Blears pitches prize draws and online polls at young votes
Sticker chartists swell the electorate
Hazel Blears plans to reinvigorate local democracy and sprinkle some Miracle Gro on the nation’s grass roots by bribing voters with stickers and tickets for prize draws.
The Communities Secretary has delivered up a white paper “setting out proposals to deliver a fundamental shift in power, influence and responsibility into the hands of communities and citizens”. The aim is to counter the UK’s growing pessimism and cynicism about politics.
It advocates forcing councils to respond to petitions from voters, driving through more accountability and ensuring every locality has a “community kitty scheme”.
Technology inevitably plays a part; a proposal that voters should be able to launch online petitions to demand elected mayors, means every town and village could have its own Boris Johnson or Ken Livingstone.
Young people are of course crucial to this effort to reinvigorate local democracy. Amongst the ideas being pitched to make it cool to vote, are "schemes which recognise people who have turned out on polling day, for example every voter getting an ‘I’ve Voted’ sticker at the ballot box".
Anyone with young children knows that a “sticker chart” can be highly effective in persuading junior to stop turning up his nose at greens, stay in bed after 4.30am and stop pissing all over the duvet.
But frankly, allowing people who still respond to this kind of encouragement after puberty to actually have a say in running the country sounds downright dangerous.
Equally disturbing is the proposal that people who vote are automatically entered into a prize draw. Apparently chicken dinners, TVs and iPods are favoured prizes in the US, which is fine if you’re choosing between having Colonel Sanders or Steve Jobs as the President. (Don’t even start.)
The whitepaper is keen to point out that “voting incentives should not be construed as ‘paying for votes’ or create a major new financial burden on councils”.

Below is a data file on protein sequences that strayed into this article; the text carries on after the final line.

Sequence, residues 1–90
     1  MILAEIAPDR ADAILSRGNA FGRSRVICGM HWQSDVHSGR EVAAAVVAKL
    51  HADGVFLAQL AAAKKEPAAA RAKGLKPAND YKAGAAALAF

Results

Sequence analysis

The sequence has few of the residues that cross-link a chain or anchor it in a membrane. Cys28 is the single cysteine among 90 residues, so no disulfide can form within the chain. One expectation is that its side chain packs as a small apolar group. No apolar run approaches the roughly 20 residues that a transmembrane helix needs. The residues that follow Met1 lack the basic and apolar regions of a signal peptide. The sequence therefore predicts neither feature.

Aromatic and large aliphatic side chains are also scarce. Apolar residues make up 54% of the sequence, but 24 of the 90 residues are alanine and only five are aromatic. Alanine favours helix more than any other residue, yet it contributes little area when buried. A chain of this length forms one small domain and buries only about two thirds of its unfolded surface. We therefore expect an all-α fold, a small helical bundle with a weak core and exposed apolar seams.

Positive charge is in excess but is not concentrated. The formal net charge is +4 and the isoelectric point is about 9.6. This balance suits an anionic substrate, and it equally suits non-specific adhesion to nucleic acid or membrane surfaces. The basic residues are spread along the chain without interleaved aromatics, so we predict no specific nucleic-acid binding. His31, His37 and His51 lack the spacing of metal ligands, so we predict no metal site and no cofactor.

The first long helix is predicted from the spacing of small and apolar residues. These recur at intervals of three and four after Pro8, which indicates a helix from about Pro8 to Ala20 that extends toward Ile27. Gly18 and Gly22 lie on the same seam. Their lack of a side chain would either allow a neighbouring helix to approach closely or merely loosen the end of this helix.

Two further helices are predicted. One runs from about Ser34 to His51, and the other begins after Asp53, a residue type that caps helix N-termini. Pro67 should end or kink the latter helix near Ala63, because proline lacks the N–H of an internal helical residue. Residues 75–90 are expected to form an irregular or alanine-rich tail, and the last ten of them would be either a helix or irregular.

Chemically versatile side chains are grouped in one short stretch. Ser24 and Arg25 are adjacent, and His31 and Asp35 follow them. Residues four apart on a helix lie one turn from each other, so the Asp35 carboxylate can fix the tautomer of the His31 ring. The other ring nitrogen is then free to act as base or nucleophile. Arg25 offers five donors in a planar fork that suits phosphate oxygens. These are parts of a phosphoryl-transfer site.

Rather, “they should be viewed as an eyecatching method to increase awareness and engagement, especially with young people who have never voted and who might view the process with suspicion”.
The problem is anyone who only votes to get an iPod, or even a Big Mac, may not necessarily be casting a particularly informed, discriminating vote.
Just as a footnote, the press release accompanying the white paper includes details of some of the actions Portsmouth is taking to increase its youngsters' role in local democracy. These include the Sorted! emerging Youth Parliament.
Apparently, “the Sorted group of young people were formed in response to strengthening young people's participation on the health information, advice, guidance and services they receive”. [sic]
The council ensures “the young people are trained in tier 1 substance misuse and sex and relationships, as well as mystery shopping techniques”. All of which will stand them in good stead for when they take their seats at Westminster.
The full white paper is available here (pdf). ®
my politicle histroy
1992 age 12 - fancited by politics watched all ecetion news did volentry work for local libdem candate tryed to stay up late for the elction covrage
1997 age 17 - still facinated politicles watched all brodcasts but was in middle of studing for exams anoyed was 1 year to young to vote v enfusistic about albor land slide
2002 age 22 - starting to get sik of polititions having read a lot of there addresses and studeyed there policies and it's affects but know the local mp perconley and had help form him in campain to get broadband in the arear
2008 age 28 - having watched and listened to what politions are saying I honistley can not bring my self to vote for any of them
blare, brown, hage,duncon smith, camron and the lot of them have killed my intrest in voteing in 10 years I rember al the speches made in 92 97 and they are just prouting the same retroic even worse now the blue ones are saying what the red ones said in 97 so I think if I vote for the blue ones they will be just as bad as the red ones are I think my only hope are the purple ones I take with food every lunch time
@NB, so thats why there is so much knife crime
When I were a wee Yoof, I used to believe that voting for the LibDems would sort everything out. As I have got a bit older I see the LibDems as useless and the other two as evil.
Everyone know never talk about politics or religion, so they don't. Both hot topics with me.
The labor government is a bit like ebay, got to power because they were the best, now able to use that power to do the most insaine and evil things and not be slapped down for it.
There has gotta be a point where blowing up the Houses Of Parlement is better than putting up with this.
The 'kids' don't vote because even the adults get nowehere with it.
mkay mouse nearly Ready to say... I Say! ?
Hmm, encouraging people to vote. Is that a new idea? No, I Think not. Is IT compatible with the idea of discouraging people from voting in certain Key Areas 42 Swing the vote at the last minute?
The games are played in a myriad of ways. Some pleasant and some foul and some Simply Divine -Quite Immaculate and in deed and indDeed rather Kalman too.